12. Leg 179 summary

    Digital Repository Service at National Institute of Oceanography (India)

    Pettigrew, T.J.; Casey, J.F.; Miller, D.J.; Araki, E.; Boissonnas, R.; Busby, R.; Einaudi, F.; Gerdom, M.; Guo, Z.P.; Hopkins, H.; Myers, G.; Rao, D.G.; Shibata, T.; Thy, P.

    Pettigrew, T.L., Casey, J.F., Miller, D.J., et al., 1999 Proceedings of the Ocean Drilling Program, Initial Reports Volume 179 1. LEG 179 SUMMARY 1 Shipboard Scientific Party 2 ABSTRACT Ocean Drilling Program (ODP) Leg 179 set out with two primary objectives... a hole, then simultaneously deepen that hole and stabilize its walls with casing. This system is an adaptation of pneu- matically driven drilling systems that have successfully drilled in envi- ronments not unlike those that present our greatest...

  13. LEAP 1992: Conference summary

    Energy Technology Data Exchange (ETDEWEB)

    Dover, C.B.

    1992-12-01

    We present a summary of the many new results in antiproton ({bar p}) physics presented at the LEAP `92 conference, in the areas of meson spectroscopy, {bar N}N scattering, annihilation and spin observables, strangeness and charm production, {bar N} annihilation in nuclei, atomic physics with very low energy {bar p}`s, the exploration of fundamental symmetries and interactions with {bar p} (CP, T, CPT, gravitation), and the prospects for new {bar p} facilities at ultralow energies or energies above the LEAR regime ({ge} 2 GeV/c).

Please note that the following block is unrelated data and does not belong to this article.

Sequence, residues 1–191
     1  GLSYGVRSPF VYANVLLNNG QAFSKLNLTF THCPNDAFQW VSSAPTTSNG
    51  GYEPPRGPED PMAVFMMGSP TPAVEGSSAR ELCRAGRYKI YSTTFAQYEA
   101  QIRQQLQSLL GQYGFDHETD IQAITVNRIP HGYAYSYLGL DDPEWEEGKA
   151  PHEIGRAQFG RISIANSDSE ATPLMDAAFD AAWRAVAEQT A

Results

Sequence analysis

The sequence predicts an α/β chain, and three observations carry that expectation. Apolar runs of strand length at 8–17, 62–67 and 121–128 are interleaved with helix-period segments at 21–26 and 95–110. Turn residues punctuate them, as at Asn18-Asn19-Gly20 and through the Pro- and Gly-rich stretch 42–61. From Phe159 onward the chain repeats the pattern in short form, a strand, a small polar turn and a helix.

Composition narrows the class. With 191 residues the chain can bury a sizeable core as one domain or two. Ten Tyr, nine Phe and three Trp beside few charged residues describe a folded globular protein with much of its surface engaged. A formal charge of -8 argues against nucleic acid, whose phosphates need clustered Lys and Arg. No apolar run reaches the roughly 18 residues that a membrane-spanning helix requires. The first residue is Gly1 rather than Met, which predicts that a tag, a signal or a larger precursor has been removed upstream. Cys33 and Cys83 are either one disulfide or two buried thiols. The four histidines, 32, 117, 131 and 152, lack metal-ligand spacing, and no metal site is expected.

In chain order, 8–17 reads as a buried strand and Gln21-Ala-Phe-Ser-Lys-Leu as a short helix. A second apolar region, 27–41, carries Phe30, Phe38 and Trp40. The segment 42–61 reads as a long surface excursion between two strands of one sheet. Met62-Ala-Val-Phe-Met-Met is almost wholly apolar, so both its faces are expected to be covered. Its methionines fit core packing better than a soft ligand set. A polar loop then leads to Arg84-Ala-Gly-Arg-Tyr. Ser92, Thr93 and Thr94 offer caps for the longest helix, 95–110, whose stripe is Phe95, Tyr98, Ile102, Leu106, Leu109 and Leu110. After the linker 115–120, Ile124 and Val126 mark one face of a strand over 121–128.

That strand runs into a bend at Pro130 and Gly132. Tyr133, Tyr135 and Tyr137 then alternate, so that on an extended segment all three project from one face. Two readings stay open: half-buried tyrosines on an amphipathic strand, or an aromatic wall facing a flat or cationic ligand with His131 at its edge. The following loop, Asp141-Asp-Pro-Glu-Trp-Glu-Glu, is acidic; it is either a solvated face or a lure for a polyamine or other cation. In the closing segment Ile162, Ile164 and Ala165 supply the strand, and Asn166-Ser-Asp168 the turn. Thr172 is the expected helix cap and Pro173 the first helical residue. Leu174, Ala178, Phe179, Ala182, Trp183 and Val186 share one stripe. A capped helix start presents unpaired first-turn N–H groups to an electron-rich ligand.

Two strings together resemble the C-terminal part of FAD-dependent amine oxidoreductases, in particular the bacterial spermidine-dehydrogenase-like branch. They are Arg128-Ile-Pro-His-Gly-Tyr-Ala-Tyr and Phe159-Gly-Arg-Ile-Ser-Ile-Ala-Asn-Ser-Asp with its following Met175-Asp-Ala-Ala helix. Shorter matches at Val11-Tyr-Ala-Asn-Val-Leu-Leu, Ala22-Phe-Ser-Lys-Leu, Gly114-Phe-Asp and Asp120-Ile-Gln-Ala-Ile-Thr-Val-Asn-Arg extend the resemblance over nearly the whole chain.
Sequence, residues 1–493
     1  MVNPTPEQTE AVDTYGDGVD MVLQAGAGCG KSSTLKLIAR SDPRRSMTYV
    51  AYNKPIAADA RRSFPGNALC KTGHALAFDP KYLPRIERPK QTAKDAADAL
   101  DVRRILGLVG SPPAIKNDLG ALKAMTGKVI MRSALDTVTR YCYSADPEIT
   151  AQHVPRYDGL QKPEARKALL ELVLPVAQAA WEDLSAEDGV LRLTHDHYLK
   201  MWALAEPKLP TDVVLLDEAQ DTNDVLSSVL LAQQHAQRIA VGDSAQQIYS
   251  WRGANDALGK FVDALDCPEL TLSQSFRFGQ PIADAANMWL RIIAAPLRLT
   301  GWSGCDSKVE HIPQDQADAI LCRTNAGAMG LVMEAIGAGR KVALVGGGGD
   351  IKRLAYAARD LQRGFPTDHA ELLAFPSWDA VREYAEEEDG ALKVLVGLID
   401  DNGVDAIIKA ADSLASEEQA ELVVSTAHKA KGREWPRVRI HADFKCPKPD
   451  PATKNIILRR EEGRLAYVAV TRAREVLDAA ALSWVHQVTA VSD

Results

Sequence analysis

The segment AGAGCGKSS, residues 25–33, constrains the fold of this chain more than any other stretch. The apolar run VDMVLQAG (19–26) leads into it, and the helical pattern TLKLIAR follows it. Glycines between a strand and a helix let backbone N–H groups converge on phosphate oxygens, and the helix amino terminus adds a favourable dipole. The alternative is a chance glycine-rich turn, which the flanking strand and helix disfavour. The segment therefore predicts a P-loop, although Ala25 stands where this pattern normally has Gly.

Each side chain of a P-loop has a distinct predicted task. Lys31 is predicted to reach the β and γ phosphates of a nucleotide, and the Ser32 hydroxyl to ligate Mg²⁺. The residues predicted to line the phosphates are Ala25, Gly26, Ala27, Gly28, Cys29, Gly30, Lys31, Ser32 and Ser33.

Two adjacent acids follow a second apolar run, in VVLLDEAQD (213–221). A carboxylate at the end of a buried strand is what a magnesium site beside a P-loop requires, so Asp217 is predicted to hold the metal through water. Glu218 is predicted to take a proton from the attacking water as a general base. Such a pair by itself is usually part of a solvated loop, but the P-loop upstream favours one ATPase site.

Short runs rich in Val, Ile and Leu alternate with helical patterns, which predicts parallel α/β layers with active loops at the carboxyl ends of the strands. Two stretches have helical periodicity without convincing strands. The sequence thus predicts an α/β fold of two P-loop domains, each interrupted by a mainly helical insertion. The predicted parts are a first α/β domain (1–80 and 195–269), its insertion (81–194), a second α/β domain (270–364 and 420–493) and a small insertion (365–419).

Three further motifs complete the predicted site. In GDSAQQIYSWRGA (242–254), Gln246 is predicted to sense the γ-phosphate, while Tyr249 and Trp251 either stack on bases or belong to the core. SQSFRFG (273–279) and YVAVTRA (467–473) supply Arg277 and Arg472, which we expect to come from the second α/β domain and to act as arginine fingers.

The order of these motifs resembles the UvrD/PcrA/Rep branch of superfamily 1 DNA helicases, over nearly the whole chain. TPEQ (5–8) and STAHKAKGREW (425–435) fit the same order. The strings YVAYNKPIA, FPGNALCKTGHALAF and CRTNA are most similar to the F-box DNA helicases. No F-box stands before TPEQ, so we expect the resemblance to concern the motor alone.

14. LEAP 1992: Conference summary

    Energy Technology Data Exchange (ETDEWEB)

    Dover, C.B.

    1992-12-01

    We present a summary of the many new results in antiproton ([bar p]) physics presented at the LEAP '92 conference, in the areas of meson spectroscopy, [bar N]N scattering, annihilation and spin observables, strangeness and charm production, [bar N] annihilation in nuclei, atomic physics with very low energy [bar p]'s, the exploration of fundamental symmetries and interactions with [bar p] (CP, T, CPT, gravitation), and the prospects for new [bar p] facilities at ultralow energies or energies above the LEAR regime ([ge] 2 GeV/c).